“Historically, traditional reinsurers increase their premium rates after industry catastrophe events in order to replenish capital and attract new capital, with the goal of reaching overall premium rate adequacy and restoring returns on equity to levels more consistent with what is expected of equity capital,” David Priebe, Vice Chairman at Guy Carpenter, explains. “However, GC Securities has found that significant pricing increases will be difficult to sustain for short periods because of the inflow of new capital that typically follows catastrophe events. Alternative capital is already making contingency plans with funds created so that they can inflow new capital rapidly post-event. The difficulty in sustaining price increases means that premium rate adequacy is even more critical in soft markets when capital is abundant. (Re)insurers need to evolve by reassessing business models for more efficient allocation of risk to capital sources.”
Posts Tagged ‘catastrophe bonds’
Industry Must Adapt to Emerging Segmentation Phase
Pricing declines continued in the insurance-linked securities (ILS) segment of alternative capital. In turn, this has prompted questions about the sustainability of lower pricing and capacity post-catastrophe event, suggesting that traditional reinsurers’ models and the traditional reinsurance and alternative capital mix of capital sources still need to evolve. Maintaining premium rate adequacy and stable capacity requires better access to the expanding sources of capital and awareness of the benefits of better risk syndication and segmentation, according to David Priebe, Vice Chairman at Guy Carpenter and Cory Anger, Global Head of ILS Origination and Structuring at GC Securities.
Cory Anger, Global Head of ILS Structuring, GC Securities*
Public entities’ use of capital markets-based risk transfer capacity for the assumption of natural disaster losses, such as the cost of emergency relief and infrastructure and property damage has demonstrated success in de-risking public sector balance sheets. Capital markets innovators are beginning to leverage the outcomes achieved in the natural disaster sphere to other types of public sector severity losses, notably pandemic diseases. The capital markets may help fund resources to rapidly contain the spread of a pandemic, share the burden of associated medical expenses and/or manage the financial impact of the higher mortality rates.
Public Sector Risk Financing Perspectives in Asia Pacific: Part II: Highlights of Recent Initiatives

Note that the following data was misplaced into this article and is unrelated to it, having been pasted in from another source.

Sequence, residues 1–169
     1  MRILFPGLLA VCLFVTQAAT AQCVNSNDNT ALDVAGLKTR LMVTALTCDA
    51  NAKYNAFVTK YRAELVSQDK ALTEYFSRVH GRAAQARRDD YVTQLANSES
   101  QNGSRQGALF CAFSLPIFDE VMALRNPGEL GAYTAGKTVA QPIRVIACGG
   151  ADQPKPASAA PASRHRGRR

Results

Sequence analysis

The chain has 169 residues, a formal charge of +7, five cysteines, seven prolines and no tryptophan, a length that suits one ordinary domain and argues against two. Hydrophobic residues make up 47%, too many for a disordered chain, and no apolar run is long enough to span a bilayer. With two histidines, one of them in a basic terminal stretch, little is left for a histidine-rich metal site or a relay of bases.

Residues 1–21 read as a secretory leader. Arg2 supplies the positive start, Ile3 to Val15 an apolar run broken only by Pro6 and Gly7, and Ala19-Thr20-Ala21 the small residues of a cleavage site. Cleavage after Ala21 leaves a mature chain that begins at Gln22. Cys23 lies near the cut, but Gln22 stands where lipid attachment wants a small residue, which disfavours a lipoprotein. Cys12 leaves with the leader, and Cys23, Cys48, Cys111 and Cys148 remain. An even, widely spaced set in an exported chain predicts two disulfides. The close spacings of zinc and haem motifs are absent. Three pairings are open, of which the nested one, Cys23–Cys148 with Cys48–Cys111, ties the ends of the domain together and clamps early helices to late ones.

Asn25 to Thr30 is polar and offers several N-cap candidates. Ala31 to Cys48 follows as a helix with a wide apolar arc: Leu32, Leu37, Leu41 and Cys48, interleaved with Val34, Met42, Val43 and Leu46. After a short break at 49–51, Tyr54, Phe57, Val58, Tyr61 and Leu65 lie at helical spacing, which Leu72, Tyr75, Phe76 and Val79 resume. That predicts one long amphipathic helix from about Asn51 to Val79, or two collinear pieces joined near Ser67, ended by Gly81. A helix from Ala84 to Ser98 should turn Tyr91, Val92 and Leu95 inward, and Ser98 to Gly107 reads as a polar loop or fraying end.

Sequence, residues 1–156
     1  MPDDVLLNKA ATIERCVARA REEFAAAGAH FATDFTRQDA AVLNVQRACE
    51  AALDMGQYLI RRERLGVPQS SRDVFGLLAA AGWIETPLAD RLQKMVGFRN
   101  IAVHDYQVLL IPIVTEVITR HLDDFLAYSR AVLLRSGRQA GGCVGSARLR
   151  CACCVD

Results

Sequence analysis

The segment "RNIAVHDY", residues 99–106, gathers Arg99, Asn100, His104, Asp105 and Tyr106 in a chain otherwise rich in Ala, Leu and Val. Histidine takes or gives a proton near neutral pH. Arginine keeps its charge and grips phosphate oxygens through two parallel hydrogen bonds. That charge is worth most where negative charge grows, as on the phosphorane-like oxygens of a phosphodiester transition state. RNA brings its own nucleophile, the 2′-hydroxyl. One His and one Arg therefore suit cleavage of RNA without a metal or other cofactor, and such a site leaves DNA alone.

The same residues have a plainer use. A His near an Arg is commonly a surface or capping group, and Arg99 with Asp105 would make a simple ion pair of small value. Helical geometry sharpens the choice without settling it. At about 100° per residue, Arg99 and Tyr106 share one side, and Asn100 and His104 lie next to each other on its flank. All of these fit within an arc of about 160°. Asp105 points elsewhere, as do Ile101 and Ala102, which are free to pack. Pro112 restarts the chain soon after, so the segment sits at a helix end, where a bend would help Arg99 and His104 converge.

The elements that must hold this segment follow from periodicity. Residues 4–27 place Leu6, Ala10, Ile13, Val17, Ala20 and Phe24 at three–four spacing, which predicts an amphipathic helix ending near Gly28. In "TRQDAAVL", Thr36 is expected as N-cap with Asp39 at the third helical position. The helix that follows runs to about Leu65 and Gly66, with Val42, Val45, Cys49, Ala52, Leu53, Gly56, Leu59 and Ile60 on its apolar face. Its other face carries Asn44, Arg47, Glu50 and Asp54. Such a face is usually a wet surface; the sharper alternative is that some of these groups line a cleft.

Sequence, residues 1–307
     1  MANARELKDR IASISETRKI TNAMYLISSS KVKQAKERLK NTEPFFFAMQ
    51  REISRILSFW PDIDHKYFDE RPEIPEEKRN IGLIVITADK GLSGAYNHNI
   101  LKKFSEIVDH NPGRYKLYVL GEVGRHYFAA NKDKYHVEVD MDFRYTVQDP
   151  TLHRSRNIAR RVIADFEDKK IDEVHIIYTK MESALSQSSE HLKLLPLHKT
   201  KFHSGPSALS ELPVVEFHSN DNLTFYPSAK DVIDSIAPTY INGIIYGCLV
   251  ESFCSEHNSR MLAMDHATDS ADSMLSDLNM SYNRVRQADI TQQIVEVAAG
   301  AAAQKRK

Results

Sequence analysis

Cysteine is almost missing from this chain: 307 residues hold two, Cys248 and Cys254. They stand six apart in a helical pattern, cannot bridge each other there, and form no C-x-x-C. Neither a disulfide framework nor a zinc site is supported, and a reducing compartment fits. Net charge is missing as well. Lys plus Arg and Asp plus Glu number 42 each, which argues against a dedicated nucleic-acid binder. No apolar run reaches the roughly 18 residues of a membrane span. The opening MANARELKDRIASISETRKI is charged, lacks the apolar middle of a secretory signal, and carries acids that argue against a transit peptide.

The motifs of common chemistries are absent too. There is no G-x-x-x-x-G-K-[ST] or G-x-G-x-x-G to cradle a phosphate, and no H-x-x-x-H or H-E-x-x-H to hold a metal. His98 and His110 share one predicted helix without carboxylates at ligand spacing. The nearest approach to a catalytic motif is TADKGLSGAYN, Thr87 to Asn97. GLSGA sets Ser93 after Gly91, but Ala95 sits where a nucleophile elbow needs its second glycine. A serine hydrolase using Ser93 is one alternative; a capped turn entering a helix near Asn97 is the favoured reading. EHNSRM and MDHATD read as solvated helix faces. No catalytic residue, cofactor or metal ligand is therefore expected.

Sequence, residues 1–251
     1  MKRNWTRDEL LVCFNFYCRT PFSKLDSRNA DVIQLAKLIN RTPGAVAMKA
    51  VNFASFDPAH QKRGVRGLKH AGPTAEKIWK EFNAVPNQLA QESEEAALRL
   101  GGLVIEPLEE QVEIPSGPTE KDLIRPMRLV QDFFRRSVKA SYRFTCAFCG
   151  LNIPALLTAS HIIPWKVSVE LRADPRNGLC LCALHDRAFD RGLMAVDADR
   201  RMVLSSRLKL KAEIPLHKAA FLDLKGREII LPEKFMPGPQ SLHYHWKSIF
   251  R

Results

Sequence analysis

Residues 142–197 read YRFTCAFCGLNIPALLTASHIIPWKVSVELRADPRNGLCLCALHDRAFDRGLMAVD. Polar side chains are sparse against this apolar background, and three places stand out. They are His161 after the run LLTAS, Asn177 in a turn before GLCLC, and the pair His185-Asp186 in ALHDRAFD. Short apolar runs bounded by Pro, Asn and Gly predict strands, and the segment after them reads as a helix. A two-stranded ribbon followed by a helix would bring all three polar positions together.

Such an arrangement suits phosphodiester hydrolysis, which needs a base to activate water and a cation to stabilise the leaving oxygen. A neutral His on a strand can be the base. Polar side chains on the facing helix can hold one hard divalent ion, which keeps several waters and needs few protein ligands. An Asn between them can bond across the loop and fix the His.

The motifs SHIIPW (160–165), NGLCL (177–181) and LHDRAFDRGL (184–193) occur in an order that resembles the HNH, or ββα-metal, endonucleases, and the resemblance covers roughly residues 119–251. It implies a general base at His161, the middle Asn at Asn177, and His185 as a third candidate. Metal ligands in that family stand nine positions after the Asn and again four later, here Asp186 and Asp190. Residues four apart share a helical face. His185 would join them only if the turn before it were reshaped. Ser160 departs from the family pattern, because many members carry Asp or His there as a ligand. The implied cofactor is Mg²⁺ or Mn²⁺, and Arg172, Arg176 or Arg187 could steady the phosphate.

Graham Jones, Senior Vice President
In July 2016, the China Residential Earthquake Insurance Pool (CREIP) was jointly established by the China Insurance Regulatory Commission (CIRC) and Ministry of Finance. In development since 2014, the scheme consists of 45 insurers distributing policies with basic limits of USD 7,500 and USD 3,000 for urban and rural residents, respectively. Coverage up to a maximum limit of USD 150,000 is negotiable. The claims process has been simplified with payouts equaling zero, 50 or 100 percent of the policy limit based on five damage levels.
Graham Jones, Senior Vice President
According to United Nations estimates, 54 percent of the world’s population lives in Eastern, Southern and Southeastern Asia. The region hosts 778 million urban inhabitants and seven out of the world’s top ten most populated cities. The region is also home to every major peril - from cyclone to tsunami - and has experienced some of the world’s largest catastrophes based on economic loss. While there are natural catastrophes all over the world, Asia is a unique confluence of people and perils.
Aidan Pope, Managing Director
In response to the continued need for post-event budget allocation, the Mexican federal government established the Fund for Natural Disasters (FONDEN) in 1996 (1). It is a financial vehicle by which the federal government provides pre-event funding from tax revenues for post-disaster response and reconstruction - it has been critical in providing the government with access to international risk transfer schemes.
From one of GC Capital Ideas’ more popular categories, we highlight the top Chart Room stories viewed during the year of 2016:
From one of GC Capital Ideas’ more popular categories, we highlight the top Chart Room stories viewed during the fourth quarter of 2016:
Guy Carpenter & Company reports the decline in reinsurance pricing moderated at the January 1, 2017 renewal across most classes of business and geographies, as compared to the past three renewal seasons. Several sectors experienced increased loss activity, which had only a localized impact on pricing while capacity remained plentiful. After remaining fairly stable in 2015, dedicated reinsurance capital increased by 5 percent from January 1, 2016 to January 1, 2017 as calculated by Guy Carpenter and A.M. Best. The convergence capital segment increased by 10 percent.
“Convergence” or “alternative” capital, which first entered the reinsurance market with catastrophe bonds, has grown steadily over the past ten years and now also includes industry loss warranties, sidecars and collateralized reinsurance. Convergence capital now accounts for just under 20 percent of the global catastrophe limit.